This package is abandoned and no longer maintained. No replacement package was suggested.

Siler is a set of general purpose high-level abstractions aiming an API for declarative programming in PHP.

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Open Issues: 28

v1.7.9 2021-01-27 19:18 UTC


⚠️ I'm afraid that I'm not being able to keep Siler up-to-date as it deserves, so it's repository has been archived.

As an alternative for Siler, something lightweight and simple that works as a library with Swoole out-of-the-box, I highly recommend Nano! Check it out:


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Siler is a set of general purpose high-level abstractions aiming an API for declarative programming in PHP.

  • 💧 Files and functions as first-class citizens
  • 🔋 Zero dependency, everything is on top of PHP built-in functions
  • Blazing fast, no additional overhead - benchmark 1, benchmark 2 and benchmark 3

Use with Swoole

Flat files and plain-old PHP functions rocking on a production-grade, high-performance, scalable, concurrent and non-blocking HTTP server.

Read the tutorial.

Getting started


composer require leocavalcante/siler

That is it. Actually, Siler is a library, not a framework (maybe a micro-framework), the overall program flow of control is dictated by you. So, no hidden configs or predefined directory structures.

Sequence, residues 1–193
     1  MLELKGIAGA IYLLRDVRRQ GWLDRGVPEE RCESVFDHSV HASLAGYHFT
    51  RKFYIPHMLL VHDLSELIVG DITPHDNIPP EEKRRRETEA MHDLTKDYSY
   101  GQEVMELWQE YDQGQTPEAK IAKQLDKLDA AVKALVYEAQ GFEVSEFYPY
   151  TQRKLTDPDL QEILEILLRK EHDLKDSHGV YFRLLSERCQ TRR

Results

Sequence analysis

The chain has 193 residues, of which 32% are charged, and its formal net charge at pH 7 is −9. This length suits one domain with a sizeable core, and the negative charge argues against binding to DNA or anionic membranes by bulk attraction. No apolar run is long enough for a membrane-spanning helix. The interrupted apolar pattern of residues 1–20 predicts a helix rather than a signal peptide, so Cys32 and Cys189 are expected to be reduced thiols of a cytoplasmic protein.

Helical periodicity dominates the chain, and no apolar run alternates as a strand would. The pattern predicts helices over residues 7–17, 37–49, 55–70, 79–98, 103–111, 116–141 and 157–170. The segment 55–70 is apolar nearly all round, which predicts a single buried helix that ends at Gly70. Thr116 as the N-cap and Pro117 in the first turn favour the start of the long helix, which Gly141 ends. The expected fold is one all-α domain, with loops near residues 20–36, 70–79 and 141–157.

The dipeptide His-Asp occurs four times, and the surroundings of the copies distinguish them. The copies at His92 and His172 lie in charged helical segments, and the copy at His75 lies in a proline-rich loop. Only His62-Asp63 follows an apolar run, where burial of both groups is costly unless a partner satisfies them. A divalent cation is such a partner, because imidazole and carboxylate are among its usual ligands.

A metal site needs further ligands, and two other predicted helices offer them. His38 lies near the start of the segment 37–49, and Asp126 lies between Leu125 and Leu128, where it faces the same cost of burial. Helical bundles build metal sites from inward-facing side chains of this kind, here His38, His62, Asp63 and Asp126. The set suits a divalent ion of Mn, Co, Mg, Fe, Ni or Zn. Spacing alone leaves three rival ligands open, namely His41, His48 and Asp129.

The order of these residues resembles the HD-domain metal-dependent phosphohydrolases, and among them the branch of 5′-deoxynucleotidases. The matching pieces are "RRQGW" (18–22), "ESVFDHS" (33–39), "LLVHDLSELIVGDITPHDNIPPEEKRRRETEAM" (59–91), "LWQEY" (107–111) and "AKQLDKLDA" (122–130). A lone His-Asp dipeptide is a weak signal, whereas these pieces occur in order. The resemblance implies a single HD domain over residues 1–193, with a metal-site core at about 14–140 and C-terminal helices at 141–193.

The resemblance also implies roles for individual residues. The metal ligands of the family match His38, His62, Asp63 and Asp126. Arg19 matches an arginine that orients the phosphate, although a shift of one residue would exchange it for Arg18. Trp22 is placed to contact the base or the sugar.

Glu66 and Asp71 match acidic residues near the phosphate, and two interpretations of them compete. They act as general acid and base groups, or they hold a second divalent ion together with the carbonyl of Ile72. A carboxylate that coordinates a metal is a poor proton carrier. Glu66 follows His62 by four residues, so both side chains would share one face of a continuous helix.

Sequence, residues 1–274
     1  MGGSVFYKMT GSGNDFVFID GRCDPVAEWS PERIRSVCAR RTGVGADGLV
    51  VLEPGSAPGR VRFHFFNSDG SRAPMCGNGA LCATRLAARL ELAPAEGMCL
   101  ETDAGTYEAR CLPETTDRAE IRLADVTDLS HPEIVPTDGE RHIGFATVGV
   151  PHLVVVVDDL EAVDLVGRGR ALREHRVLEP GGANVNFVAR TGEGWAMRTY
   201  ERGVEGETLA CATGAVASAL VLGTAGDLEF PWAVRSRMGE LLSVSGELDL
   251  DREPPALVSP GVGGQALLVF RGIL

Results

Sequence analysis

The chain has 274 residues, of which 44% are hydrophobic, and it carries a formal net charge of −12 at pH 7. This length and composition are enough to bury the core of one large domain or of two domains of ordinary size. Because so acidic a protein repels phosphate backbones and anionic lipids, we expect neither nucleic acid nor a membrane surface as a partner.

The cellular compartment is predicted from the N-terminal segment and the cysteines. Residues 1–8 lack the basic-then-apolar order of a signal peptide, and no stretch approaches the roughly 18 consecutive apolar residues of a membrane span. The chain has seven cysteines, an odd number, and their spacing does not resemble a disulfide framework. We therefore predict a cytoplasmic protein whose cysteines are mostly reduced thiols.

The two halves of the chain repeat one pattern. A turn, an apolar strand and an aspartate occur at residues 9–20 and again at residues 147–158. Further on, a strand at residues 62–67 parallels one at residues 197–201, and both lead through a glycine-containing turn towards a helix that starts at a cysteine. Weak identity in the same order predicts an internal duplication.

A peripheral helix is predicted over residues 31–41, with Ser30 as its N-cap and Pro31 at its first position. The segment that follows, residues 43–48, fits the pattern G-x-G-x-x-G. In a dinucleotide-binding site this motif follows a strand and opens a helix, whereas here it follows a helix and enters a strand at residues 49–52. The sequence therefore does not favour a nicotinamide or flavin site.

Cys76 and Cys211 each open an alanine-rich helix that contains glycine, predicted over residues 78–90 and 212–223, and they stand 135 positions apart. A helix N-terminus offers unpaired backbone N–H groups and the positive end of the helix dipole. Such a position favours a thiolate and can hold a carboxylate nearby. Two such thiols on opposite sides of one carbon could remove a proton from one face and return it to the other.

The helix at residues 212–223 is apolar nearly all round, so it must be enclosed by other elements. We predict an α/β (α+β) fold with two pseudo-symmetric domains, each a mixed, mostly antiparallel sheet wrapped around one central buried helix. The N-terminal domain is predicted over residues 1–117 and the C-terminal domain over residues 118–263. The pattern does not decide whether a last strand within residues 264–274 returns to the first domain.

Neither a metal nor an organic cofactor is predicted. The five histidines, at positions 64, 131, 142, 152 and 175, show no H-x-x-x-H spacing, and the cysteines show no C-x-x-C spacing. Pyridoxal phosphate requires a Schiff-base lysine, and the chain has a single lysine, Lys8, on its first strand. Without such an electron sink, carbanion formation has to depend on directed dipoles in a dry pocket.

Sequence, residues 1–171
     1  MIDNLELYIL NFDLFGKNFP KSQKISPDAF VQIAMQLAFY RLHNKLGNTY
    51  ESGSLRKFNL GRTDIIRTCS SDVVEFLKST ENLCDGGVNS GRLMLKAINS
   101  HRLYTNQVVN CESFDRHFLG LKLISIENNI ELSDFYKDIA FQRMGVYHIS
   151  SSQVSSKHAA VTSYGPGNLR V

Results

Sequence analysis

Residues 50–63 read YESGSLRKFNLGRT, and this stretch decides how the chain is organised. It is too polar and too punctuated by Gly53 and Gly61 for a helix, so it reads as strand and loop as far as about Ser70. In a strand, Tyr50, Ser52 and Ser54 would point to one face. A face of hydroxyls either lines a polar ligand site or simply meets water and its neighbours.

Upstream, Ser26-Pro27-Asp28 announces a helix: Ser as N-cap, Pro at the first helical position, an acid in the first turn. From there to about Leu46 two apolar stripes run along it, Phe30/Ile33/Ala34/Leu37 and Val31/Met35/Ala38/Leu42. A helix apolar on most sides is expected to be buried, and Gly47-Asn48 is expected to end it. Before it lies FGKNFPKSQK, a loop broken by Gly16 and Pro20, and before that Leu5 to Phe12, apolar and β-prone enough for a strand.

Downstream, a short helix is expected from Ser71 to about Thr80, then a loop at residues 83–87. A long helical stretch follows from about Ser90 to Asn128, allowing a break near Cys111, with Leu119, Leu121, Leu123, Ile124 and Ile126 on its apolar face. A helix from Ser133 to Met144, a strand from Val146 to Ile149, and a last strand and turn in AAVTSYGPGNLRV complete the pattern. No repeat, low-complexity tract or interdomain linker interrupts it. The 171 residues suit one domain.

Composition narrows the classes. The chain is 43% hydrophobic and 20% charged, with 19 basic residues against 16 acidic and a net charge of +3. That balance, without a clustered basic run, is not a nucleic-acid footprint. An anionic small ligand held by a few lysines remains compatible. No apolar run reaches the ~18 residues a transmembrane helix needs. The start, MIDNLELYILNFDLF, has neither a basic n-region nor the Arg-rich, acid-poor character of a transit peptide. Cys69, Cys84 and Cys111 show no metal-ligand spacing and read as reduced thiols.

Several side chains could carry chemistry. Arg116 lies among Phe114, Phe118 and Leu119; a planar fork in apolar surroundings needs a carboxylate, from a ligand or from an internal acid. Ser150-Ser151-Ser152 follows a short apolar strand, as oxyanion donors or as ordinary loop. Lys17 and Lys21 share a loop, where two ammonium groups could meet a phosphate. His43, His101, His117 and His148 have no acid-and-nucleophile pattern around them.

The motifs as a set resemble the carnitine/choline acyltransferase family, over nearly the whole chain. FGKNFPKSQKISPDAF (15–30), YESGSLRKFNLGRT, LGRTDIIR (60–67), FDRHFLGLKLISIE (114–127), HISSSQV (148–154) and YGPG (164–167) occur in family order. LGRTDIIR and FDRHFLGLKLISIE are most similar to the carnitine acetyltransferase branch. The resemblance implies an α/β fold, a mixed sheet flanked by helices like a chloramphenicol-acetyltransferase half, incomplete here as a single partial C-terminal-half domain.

Hello, World!

use Siler\Functional as λ; // Just to be cool, don't use non-ASCII identifiers ;)
use Siler\Route;

Route\get('/', λ\puts('Hello, World!'));

Nothing more, nothing less. You don't need even tell Siler to run or something like that (puts works like a lazily evaluated echo).


use Siler\Route;
use Siler\Http\Response;

Route\get('/', fn() => Response\json(['message' => 'Hello, World!']));

The Response\json function will automatically add Content-type: application/json in the response headers.


Siler provides first-class support for Swoole. You can regularly use Route, Request and Response modules for a Swoole HTTP server.

use Siler\Http\Response;
use Siler\Route;
use Siler\Swoole;

$handler = function () {
    Route\get('/', fn() => Response\json('Hello, World!'));

$port = 8000;
echo "Listening on port $port\n";
Swoole\http($handler, $port)->start();


Install peer-dependency:

composer require webonyx/graphql-php


type Query {
    hello: String
use Siler\Route;
use Siler\GraphQL;

$type_defs = file_get_contents(__DIR__ . '/schema.graphql');
$resolvers = [
    'Query' => [
        'hello' => fn ($root, $args, $context, $info) => 'Hello, World!'

$schema = GraphQL\schema($type_defs, $resolvers);

Route\post('/graphql', fn() => GraphQL\init($schema));


Another peer-dependency:

composer require doctrine/annotations


 * @\Siler\GraphQL\Annotation\ObjectType()
final class Query
     * @\Siler\GraphQL\Annotation\Field()
    public static function hello($root, $args, $context, $info): string
        return 'Hello, World!';
use Siler\GraphQL;
use Siler\Route;

$schema = GraphQL\annotated([Query::class]);

Route\post('/graphql', fn() => GraphQL\init($schema));

Object type name will be guessed from class name, same for field name, and it's return type (i.e.: PHP string scalar === GraphQL String scalar).

What is next?